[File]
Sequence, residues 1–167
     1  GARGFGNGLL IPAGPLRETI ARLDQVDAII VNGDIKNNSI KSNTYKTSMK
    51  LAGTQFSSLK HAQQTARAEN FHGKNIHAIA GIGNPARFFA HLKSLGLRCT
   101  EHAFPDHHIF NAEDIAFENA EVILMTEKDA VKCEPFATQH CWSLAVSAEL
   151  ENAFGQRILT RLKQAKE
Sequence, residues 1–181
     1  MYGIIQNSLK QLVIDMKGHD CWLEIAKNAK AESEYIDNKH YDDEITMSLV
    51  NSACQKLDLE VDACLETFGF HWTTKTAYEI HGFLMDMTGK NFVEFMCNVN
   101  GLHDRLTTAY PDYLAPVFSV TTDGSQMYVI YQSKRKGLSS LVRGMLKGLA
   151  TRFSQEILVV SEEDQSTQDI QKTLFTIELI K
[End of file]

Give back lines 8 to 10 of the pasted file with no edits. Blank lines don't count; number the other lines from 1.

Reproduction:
    51  NSACQKLDLE VDACLETFGF HWTTKTAYEI HGFLMDMTGK NFVEFMCNVN
   101  GLHDRLTTAY PDYLAPVFSV TTDGSQMYVI YQSKRKGLSS LVRGMLKGLA
   151  TRFSQEILVV SEEDQSTQDI QKTLFTIELI K